Studies in animals suggest that mesenchymal stem cells play important roles in the body’s ability to heal after an injury, although researchers are still working out the signals and steps required to steer their differentiation into one type of tissue or another…
It turns out, for example, that mesenchymal stem cells do not regenerate tissue in isolation. They depend on other cells and growth factors that may or may not be present in a particular region of inflamed tissue, says Rocky Tuan, who directs the Center for Cellular and Molecular Engineering at the University of Pittsburgh School of Medicine. “You can inject all the best cells,” Tuan says, “but if you don’t have the right combination of healing goodies around them, it’s useless.”
Lab studies are also finding that mesenchymal stem cells extracted from different parts of the body can have different attributes. Those found in fat, for example, though relatively plentiful and easy to extract, do not seem to form cartilage as readily as those that come from bone marrow, Tuan says. Other studies suggest that mesenchymal stem cells also modulate the immune system and may have some part in the spread of tumors. Gathering much more basic information about how these cells behave is a vital first step before any safe and broadly reliable treatment can be developed for people, Tuan and other leading stem cell scientists argue.
Undeterred, advocates for the immediate use of stem cell therapy in human athletes point to successes with racehorses as the best evidence that the treatment works. Yet some experts say that the same hype that makes human testimonials unreliable has enveloped company-sponsored studies of competitive horses, too.
In the July 2012 issue of Equine Disease Quarterly, Wesley Sutter of Lexington Equine Surgery and Sports Medicine in Kentucky cautioned: “To date, no published controlled clinical studies show efficacy in use of stem cell treatment for any of the conditions being treated.”
Carol Gillis, a longtime veterinarian and researcher who specializes in soft-tissue injuries in racehorses, says that the more than 22,000 ultrasound images she has captured in her studies and clinical practice have convinced her that with a tightly regimented exercise program, tendons and ligaments will heal, producing strong, well-organized fibers—all without the use of stem cells. The reason that many soft-tissue injuries end a horse’s racing career, Gillis explains, is because most owners allow the animal to run free too soon, when the pain from the initial injury has faded but the tissue is still fragile.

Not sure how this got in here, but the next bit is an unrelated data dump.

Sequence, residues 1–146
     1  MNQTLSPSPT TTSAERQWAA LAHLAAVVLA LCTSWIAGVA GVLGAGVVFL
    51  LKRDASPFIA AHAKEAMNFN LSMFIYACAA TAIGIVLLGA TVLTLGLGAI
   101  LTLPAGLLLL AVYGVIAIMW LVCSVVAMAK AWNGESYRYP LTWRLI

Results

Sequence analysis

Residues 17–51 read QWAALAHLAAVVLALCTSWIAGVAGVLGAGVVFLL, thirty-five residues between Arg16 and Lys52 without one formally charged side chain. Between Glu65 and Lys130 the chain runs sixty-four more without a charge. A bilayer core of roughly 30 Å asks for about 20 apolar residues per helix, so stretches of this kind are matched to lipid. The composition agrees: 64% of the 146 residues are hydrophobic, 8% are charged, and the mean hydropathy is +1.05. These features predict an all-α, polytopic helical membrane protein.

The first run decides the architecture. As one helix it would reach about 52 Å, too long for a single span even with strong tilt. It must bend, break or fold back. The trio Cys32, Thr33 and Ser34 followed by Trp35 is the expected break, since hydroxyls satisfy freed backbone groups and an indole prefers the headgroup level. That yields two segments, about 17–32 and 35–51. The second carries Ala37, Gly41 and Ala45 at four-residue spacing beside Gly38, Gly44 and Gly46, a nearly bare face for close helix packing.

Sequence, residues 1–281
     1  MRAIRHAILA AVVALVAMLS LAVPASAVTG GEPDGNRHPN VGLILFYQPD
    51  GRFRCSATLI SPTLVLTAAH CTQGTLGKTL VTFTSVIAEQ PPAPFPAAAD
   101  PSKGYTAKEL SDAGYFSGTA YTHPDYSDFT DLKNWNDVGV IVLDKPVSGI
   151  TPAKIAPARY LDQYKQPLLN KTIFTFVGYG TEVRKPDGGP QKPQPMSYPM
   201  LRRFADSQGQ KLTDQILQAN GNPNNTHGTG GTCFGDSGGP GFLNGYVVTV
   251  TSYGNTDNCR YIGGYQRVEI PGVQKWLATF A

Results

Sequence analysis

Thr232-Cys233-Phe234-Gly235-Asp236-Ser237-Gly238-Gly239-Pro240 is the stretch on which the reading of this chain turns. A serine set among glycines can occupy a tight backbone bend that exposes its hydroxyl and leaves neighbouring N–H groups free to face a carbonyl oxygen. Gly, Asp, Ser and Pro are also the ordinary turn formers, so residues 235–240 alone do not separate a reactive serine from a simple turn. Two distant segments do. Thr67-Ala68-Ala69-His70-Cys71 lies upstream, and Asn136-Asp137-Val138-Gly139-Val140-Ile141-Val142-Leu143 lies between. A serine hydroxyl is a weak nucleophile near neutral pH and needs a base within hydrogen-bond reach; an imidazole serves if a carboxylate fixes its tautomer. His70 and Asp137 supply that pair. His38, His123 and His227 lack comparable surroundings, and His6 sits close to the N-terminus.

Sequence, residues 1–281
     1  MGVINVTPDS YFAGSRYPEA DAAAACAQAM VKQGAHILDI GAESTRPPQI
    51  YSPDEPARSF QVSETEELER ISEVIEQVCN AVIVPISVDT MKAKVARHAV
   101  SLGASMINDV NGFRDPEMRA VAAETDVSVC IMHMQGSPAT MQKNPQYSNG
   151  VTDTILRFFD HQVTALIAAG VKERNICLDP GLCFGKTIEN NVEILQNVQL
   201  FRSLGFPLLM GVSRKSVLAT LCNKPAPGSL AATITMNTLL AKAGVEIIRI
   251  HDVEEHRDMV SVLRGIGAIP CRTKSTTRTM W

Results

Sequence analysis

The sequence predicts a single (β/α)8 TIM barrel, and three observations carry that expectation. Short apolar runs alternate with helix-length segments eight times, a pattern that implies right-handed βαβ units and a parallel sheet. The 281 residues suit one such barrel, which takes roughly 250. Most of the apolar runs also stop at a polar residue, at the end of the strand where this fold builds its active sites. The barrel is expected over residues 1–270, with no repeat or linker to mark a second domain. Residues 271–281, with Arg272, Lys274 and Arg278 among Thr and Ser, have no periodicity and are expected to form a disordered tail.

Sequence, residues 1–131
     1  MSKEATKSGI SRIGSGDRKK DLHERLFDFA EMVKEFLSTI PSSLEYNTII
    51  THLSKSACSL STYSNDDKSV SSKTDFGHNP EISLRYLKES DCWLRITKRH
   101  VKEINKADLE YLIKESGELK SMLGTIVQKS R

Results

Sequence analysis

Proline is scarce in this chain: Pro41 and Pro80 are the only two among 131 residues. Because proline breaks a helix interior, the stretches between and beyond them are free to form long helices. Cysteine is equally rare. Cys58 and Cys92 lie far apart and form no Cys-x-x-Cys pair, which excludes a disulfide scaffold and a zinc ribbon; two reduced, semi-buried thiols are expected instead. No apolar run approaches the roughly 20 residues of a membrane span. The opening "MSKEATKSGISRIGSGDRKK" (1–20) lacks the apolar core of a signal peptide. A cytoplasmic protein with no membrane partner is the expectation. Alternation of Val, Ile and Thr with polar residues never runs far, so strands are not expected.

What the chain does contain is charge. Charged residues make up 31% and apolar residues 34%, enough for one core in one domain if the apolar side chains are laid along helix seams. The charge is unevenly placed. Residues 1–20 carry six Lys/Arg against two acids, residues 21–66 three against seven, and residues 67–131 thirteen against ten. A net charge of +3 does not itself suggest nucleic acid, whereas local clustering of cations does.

Meanwhile the professional story of Colón, now an Oakland Athletic, entered a darker chapter on August 22, 2012, rendering his experiment with stem cells moot. The 39-year-old’s season ended that day when Major League Baseball officials suspended him for 50 games—because he tested positive for the performance-enhancing drug synthetic testosterone.
As of today in 2016, for shoulder surgery, we have seen a wave of enthusiasm for several factors come and go and the next potential star on the horizon appears to be stem cells derived from fat.”

For those interested here are more articles:

The recent finding of a significant percentage of athletes testing positive for Meldonium also provides greater insight:

“The high number of positive tests for meldonium has been a reminder of athletes’ continual search for a pharmaceutical edge and has raised questions about the ethics of using a prescription drug for performance enhancement even when it is legal.”

Athletes like Colon, Nitkowski, and more recently Maria Sharapova will always pursue all means necessary to preserve and hopefully extend lucrative careers without regard for the consequences. The question of whether the rest of us should pursue these treatments is a complex one that involves considering more than just the expense involved.

Until we ARE able to isolate the SHOULDER RECOVERY MIRACLE, I find that like horses, humans start to feel good and run free too soon. 

Vivek Agrawal, MD